April 2015 Global Atmospheric Temperature


The University of Alabama at Huntsville (UAH) satellite global atmospheric temperature measurements show that April was slightly cooler than March. The March anomaly was O.14°C and April’s was 0.07°C. The UAH measurements confirm the “18+ years of no statistically significant evidence of global warming”. The chart (click to enlarge) shown below uses the new Version 6.0 dataset which replaces Version 5.6.

UAH_LT_1979_thru_April_2015_v61

The managers of the UAH satellite program, Roy Spencer, John Christy and William Braswell have provided the procedures and codes for the change from Version 5.6 to 6.0 allowing for on-line critique of their work.

The Science and Energy Policy Project (SEPP) has summarized the reasoning behind the switch to the upgraded Version 6.0 as follows:

“Measurement Issues – Atmosphere: For over twenty-five years Roy Spencer and John Christy (University of Alabama in Huntsville (UAH)) have been monitoring global atmospheric temperatures using MSU/AMSU global satellites. The data starts in December 1978. Later joined by William Braswell, they are now undertaking the most extensive revision of the procedures and computer code they have used. The new set is termed as Version 6.0. The rationale for undertaking the change is that the calibration of the satellite instruments is not rock stable, over the years there have been channel failures, and that the satellite orbits change over time.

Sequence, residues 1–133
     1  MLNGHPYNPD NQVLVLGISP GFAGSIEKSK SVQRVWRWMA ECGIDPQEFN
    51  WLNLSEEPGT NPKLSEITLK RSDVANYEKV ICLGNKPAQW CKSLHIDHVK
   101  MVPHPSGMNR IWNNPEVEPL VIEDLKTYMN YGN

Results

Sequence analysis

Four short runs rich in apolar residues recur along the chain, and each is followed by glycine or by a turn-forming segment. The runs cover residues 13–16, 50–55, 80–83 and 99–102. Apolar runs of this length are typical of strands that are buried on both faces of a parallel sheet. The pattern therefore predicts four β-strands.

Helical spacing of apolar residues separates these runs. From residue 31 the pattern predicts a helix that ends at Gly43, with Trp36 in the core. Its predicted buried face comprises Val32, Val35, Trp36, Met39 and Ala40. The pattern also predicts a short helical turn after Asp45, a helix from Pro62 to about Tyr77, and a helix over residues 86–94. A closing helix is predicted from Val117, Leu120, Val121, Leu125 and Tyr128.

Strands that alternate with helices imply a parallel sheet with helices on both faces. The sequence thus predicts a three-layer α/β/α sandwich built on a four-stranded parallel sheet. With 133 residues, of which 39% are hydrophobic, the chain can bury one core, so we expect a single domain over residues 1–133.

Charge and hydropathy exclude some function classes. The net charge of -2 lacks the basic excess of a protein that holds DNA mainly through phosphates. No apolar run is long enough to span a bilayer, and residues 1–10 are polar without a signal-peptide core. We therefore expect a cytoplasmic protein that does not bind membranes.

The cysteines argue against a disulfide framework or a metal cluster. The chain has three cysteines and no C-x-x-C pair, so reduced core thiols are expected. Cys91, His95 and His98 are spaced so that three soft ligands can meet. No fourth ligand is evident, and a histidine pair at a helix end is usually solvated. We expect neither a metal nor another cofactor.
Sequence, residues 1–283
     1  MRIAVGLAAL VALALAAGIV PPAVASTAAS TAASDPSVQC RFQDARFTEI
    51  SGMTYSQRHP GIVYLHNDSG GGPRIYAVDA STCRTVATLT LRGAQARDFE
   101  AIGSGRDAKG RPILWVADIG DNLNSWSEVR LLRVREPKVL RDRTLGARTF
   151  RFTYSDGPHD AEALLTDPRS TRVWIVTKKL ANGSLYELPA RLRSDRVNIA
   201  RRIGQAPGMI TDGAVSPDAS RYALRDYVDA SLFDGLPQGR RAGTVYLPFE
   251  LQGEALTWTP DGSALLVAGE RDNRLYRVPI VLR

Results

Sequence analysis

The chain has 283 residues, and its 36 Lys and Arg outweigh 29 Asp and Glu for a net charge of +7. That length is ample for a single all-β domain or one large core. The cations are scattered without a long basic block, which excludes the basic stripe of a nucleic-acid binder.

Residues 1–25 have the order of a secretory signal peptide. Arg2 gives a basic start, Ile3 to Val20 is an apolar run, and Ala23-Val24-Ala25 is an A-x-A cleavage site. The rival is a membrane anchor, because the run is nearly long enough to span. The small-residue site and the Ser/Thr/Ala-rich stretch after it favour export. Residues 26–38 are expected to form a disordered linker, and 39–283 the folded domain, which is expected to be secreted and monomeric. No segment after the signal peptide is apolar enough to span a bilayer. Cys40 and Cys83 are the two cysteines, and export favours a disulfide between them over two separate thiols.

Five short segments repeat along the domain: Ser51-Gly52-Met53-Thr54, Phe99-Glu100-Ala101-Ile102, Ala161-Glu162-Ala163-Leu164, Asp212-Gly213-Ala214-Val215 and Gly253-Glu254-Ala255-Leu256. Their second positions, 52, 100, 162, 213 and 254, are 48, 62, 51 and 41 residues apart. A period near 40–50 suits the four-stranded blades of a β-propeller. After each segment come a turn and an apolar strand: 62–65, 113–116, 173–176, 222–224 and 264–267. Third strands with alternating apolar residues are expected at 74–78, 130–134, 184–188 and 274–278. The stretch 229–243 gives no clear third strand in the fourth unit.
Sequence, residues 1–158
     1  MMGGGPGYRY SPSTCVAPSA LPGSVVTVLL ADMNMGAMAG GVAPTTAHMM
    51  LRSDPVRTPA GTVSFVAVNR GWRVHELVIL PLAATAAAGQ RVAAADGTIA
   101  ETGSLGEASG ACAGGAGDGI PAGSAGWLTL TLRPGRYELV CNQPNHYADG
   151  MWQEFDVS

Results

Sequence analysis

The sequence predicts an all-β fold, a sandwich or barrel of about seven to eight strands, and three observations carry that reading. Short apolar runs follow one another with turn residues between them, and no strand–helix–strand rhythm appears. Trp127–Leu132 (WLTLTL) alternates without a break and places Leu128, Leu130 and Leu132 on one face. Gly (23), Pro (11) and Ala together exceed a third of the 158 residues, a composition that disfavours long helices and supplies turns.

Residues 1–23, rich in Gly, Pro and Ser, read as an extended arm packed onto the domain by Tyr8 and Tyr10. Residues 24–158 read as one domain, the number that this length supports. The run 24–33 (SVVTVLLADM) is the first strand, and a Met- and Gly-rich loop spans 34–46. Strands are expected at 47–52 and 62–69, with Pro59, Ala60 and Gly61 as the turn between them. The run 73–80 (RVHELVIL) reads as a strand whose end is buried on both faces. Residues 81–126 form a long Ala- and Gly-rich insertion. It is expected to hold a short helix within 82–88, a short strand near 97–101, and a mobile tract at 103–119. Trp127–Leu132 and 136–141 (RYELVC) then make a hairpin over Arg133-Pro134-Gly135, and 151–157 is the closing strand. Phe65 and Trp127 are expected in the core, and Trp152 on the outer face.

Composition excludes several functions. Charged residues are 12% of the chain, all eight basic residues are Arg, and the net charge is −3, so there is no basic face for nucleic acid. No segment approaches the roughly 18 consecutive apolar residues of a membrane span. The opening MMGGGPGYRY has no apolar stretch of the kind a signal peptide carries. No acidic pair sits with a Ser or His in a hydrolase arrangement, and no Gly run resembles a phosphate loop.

Another reason given is that data from the older MSU instruments were reasonable for calculating global average temperatures, the new AMSU instruments are superior for calculating regional variations in temperatures.

Rather than making the changes, then submitting them to a peer-reviewed journal for publication, a process that would take at least two years, the group has publically announced its proposed changes for public review, including on Roy Spencer’s web site. The announcement is considered a draft, subject to review, of what is being done. Appropriate suggestions are being considered.

The UAH satellite adjustments are empirically based adjustments, not climate-model based adjustments such as by Remote Sensing Systems (RSS). Interestingly, UAH data showed a shorter period of no warming (the pause or plateau) than the RSS data did. After the new adjustments, the new UAH dataset shows an eighteen-year pause, in line with the RSS dataset.

In addition, the new UAH adjustments lowers the trend for more recent temperatures – earlier temperatures have faster warming, similar with results from the RSS approach. Land areas show a greater warming decadal trend since 1979 than ocean areas, and both trends are weaker than thermometer-based trends

As with the past, the UAH team is a sterling example of transparency in scientific research. No doubt some will be critical of what the team is accomplishing and SEPP, for example, may disagree on how UAH calculates trends. But, the team provides an example of how science progresses.”

The satellites, UAH and RSS, are as close as one can get to global measurements versus the ground-based systems. The ground-based systems include only very limited actual temperature measurements of the oceans and far northern and southern parts of the land.

cbdakota

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